An estimated 5,000 to 28,000 Taiwanese died during the February 28 Massacre and countless more went missing, were killed, and imprisoned during the White Terror.

This was the start of the Taiwan Independence Movement and is one of the most significant events in modern Taiwan history.

The February 28 Massacre actually started in the building that houses the Kaohsiung Museum of History, so you get to walk through the building that impacted Taiwan’s fate as a country.

The museum is free to enter, and I highly recommend you take the time to visit it. Your visit won’t last longer than 30 minutes, but you’ll leave with a deeper understanding of Taiwanese history.

I think it is important to understand the history of a city you’re visiting, and there is no better place to learn about Kaohsiung’s history than at the history museum.




Peir II Art District in Kaoshiung

  1. Pier II Art District

Pier II Art District is a more hip and modern part of Kaohsiung. Most of the things to do in Kaohsiung are historical and cultural sights, but Pier II Art District is the exception to that!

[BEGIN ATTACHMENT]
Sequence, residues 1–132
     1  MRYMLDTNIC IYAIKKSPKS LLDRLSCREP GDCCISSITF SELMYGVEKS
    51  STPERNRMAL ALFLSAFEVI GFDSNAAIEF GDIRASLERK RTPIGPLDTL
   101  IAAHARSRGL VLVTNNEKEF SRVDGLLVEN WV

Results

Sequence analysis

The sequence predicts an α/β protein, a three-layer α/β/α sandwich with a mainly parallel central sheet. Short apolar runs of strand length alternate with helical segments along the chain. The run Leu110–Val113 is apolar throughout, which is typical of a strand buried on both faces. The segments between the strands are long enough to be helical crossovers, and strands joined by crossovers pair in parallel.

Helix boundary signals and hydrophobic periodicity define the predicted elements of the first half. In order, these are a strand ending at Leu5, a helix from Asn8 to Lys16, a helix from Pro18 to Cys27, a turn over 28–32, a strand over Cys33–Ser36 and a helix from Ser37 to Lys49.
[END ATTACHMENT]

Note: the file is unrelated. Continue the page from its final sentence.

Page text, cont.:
The are was originally a warehouse district, but it was taken over by artists and was eventually designated an art zone.

You’ll find art galleries, cafes, and street art throughout the district. There are even giant sculptures in the streets you can admire.

Pier II Art District is walking distance from the ferry terminal that takes you to and from Cijin Island.

It is the perfect place to visit after Cijin Island! The vibe is chill, so you can keep the relaxed feeling from Cijin Island going longer.





  1. Love River

Love River is the main river in Kaohsiung and is the lifeline of the city. The river flows into Kaohsiung harbor and served as an important trade path in the past.

Nowadays, you can walk along Love River and stop at a river-side cafe for a drink and live music.

The river is too long to walk the entire length of, but there are boat tours you can take if you want to see the whole river.